A marble sculpture of a cut-off hand with the middle finger stuck up has gone on display in front of the Milan Stock Exchange, provoking a row between politicians and intellectuals.
The 36ft (11m) high statue, called L.O.V.E. and unveiled for the first time in Milan, is part of a retrospective dedicated to the Italian contemporary artist Maurizio Cattelan, whose provocative works include a sculpture of Pope John Paul being hit by a meteorite.
“Cattelan’s works call our times into question, offering themselves as a mirror, however cracked, of our present,” said Massimiliano Finazzer Flory, Milan’s commissioner for culture.
Cattelan drew protests in Milan in 2004 with his installation of three baby puppets hung on the branch of an old tree. A protester sawed off the branch and the work was eventually removed.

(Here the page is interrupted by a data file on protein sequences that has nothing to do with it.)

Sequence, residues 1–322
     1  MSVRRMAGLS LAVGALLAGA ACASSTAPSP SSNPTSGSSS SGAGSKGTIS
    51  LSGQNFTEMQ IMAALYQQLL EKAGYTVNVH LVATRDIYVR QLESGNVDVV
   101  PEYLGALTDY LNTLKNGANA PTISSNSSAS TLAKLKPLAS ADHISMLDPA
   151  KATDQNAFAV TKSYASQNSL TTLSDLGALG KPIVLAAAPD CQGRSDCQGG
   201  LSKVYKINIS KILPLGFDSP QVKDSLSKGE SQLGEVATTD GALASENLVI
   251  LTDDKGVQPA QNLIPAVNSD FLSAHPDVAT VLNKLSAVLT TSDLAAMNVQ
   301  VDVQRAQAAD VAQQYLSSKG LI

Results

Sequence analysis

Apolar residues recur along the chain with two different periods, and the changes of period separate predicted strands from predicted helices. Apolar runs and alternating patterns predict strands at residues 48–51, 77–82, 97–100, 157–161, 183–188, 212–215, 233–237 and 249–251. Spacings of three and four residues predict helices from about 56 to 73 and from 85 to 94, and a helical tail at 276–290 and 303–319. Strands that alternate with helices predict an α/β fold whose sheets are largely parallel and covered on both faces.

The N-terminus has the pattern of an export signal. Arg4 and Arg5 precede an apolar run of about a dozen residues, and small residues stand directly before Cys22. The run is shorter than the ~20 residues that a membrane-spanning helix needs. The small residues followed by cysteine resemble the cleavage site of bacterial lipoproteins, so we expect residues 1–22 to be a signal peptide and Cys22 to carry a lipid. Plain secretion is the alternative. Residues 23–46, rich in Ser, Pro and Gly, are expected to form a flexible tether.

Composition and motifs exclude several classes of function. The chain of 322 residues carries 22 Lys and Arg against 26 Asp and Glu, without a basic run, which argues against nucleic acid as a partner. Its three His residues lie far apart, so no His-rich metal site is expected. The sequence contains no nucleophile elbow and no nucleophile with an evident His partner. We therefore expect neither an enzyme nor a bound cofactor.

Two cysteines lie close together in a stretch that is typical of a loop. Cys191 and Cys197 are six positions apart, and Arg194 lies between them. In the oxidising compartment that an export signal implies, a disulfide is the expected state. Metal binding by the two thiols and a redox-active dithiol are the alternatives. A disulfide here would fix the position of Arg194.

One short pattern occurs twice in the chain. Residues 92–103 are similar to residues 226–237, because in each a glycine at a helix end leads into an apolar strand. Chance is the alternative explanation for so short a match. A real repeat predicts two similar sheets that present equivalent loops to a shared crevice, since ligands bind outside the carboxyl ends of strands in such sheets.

The finger sculpture, which mocks a Nazi gesture, is part of a retrospective of Cattelan’s works entitled Against Ideologies promoted by the city of Milan, which says it is the third-largest market for contemporary art after New York and London.
The installation has fuelled criticism among local politicians and intellectuals over the rights and wrongs of showing a provocative work in a public space, like the Bourse square.
Asked about the meaning of the work, Cattelan said his work was more an act of love than a comment on the financial world.
“It is mainly about imagination,” he said. The sculpture will remain on display until Oct. 3.